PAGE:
It is meant to start putting right many factors contributing to the continued economic troubles, including the fact investors aren't taking risks, particularly in periphery states (overall, investments in the EU have dropped by 20 percent since a peak 2007).

But there are already serious questions about whether the fund will deliver.

Instead of the fiscal stimulus apparently promised when it was first mooted, the fund eventually ended up with no new money - just a guarantee of €16 billion from the EU budget and €5 billion from the European Investment Bank (EIB). A big promise of leverage: €1 is to deliver €15.

It shares many similarities with the largely unsuccessful "Growth Pact" announced in 2012. And relies on the EIB - mindful of its triple-A rating - shedding its cautious nature to back riskier but potentially higher-return projects.

While economic woes will continue to dominate in 2015, the EU's uncertain political landscape will also form an important backdrop.

Greece could return to the spotlight if it holds snap elections in early 2015. Far-left party Syriza, polling top in late autumn, is pushing for an early vote.

The party's sharp rise in popularity in recent years already had repercussions on Athens' talks with the country's international lenders in November. The governing New Democracy, anxious to stave off a poll, fell out with its creditors by refusing their demands for higher taxes and income cuts in the 2015 budget.

Syriza, for its part, remains an unpredictable entity for both Greeks (who aren't sure what its economic programme will mean in practice) and for the country's lenders. The party has said it will rip up the bailout programme and its austerity measures.

Another country witnessing the meteroic rise of a far-left party is Spain, which is due to hold general elections by the end of 2015. Podemos (meaning "We can") was founded by political scientists in early 2014, won its first EP seats a few months later and was topping the polls by the end of the year.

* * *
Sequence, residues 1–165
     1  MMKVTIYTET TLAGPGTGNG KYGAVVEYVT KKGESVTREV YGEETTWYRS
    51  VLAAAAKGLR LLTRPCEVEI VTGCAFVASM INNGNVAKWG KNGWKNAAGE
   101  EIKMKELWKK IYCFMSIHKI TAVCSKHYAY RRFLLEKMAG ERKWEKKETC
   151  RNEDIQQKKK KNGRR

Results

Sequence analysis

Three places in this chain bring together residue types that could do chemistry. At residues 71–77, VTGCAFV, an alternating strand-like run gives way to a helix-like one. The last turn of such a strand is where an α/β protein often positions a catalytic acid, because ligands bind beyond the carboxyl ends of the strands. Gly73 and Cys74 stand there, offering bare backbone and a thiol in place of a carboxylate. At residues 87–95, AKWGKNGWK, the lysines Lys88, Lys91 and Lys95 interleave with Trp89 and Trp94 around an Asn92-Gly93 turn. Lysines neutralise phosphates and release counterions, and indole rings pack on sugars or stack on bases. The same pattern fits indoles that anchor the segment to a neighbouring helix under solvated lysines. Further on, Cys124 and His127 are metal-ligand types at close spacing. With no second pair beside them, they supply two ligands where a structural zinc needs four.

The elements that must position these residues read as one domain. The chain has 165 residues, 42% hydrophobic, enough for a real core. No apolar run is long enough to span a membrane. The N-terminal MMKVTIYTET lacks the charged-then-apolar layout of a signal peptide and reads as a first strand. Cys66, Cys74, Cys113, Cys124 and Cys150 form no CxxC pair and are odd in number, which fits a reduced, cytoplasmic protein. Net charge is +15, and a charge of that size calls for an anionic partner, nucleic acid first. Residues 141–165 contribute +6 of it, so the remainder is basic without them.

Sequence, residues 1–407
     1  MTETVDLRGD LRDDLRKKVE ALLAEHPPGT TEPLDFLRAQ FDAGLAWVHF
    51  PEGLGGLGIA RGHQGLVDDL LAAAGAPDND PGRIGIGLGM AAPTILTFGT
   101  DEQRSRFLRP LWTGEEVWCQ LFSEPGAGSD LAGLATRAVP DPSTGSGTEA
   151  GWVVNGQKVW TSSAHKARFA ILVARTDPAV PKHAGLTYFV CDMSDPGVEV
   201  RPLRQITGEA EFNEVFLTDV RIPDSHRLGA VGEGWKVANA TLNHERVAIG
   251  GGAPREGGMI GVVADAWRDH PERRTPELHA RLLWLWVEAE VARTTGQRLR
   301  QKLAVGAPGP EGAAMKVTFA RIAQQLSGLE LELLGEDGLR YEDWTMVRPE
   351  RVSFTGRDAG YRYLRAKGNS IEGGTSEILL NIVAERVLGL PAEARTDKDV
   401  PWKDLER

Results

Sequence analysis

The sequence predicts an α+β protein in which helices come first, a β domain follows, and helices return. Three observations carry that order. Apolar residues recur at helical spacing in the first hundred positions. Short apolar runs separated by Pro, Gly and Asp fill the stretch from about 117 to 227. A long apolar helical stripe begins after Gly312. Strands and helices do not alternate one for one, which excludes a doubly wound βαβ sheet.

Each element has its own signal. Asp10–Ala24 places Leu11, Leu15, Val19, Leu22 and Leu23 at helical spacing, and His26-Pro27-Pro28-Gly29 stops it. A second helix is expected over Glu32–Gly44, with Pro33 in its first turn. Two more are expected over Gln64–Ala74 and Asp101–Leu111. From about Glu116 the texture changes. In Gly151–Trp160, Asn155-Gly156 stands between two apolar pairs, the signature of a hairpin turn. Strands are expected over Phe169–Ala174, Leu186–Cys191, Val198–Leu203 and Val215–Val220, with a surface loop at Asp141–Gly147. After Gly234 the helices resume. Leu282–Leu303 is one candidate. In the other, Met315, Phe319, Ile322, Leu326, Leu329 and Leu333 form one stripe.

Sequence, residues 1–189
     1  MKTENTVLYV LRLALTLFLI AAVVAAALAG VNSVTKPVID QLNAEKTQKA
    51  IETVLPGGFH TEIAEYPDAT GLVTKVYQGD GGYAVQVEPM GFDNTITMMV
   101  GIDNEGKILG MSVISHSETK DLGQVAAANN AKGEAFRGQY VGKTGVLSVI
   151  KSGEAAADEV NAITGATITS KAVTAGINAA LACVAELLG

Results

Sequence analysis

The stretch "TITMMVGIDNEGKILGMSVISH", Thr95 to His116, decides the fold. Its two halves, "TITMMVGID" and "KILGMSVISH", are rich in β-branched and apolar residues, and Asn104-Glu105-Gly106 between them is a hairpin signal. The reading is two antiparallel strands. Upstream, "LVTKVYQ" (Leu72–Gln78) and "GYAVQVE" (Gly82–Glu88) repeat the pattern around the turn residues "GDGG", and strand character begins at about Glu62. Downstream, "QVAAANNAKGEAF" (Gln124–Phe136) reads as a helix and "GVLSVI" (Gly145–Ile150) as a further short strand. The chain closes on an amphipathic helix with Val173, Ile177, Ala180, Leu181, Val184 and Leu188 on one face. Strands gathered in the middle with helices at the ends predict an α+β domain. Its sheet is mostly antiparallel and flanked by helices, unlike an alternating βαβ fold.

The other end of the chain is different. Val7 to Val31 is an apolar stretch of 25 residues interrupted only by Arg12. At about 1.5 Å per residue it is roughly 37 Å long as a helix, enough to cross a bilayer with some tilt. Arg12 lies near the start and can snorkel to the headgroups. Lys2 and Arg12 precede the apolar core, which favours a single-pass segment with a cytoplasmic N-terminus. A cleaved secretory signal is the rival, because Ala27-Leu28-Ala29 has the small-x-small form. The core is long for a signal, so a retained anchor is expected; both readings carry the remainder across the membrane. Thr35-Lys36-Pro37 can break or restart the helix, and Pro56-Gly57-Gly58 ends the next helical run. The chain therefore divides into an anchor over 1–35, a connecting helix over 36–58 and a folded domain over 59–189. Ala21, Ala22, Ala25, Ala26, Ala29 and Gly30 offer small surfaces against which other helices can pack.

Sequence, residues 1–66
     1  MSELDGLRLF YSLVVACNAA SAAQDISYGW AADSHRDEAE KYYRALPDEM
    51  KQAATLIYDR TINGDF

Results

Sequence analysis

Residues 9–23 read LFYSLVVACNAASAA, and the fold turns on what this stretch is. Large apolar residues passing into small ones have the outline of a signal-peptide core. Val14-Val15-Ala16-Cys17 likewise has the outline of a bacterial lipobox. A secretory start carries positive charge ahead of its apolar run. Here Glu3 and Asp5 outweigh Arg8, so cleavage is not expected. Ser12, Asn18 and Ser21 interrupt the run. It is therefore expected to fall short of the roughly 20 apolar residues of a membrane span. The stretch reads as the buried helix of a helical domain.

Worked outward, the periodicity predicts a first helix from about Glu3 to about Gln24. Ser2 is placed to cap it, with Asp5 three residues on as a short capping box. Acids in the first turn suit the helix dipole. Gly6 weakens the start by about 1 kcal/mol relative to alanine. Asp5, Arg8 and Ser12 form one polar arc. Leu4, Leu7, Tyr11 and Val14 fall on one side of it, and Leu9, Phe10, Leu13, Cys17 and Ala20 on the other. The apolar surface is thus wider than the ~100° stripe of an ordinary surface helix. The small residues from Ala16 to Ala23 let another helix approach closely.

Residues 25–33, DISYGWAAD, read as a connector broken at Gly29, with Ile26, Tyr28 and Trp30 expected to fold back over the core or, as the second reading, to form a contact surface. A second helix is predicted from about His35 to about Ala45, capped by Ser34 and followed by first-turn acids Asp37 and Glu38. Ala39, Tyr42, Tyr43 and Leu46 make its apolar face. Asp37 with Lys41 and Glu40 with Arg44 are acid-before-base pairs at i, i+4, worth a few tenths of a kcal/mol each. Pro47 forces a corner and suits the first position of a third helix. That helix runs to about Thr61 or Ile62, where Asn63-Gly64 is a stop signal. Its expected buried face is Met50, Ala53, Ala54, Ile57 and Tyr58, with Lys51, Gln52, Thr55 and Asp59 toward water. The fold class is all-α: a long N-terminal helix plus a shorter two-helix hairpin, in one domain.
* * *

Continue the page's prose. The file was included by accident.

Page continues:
A victory would inject political uncertainty into Spain's traditional party system, dominated for the past four decades by the centre-right and centre-left. Podemos' manifesto includes lowering the retirement age to 60 and a 35-hour working week.

Forming the larger backdrop to EU politics, public opinion remains unfriendly to Brussels.

Perception problem

The latest survey showed that around quarter of citizens have a "very negative" view of the EU while 52 percent feel that their voice doesn't count.

Such views are not helped by the fact that politicians have still not worked out how to fix the democracy gap that emerged by having the European Commission decide on member states' spending priorities - essentially taking away the bread-and-butter power of national parliaments.

With Brussels perceived as laying down the law on national pension reforms or spending on health and education - powers it acquired in the financial crisis - the potential for resentment is high.

Just before he took up his post, European Commission president Jean-Claude Juncker, said his would be a "last chance" commission that needs to "win back the citizens of Europe ... or fail".

The coming year is not the "last chance" year, but it is time for the EU to start delivering some good news.

This story was originally published in EUobserver's 2014 Europe in Review Magazine.

Click here to read previous editions of Europe in Review magazines.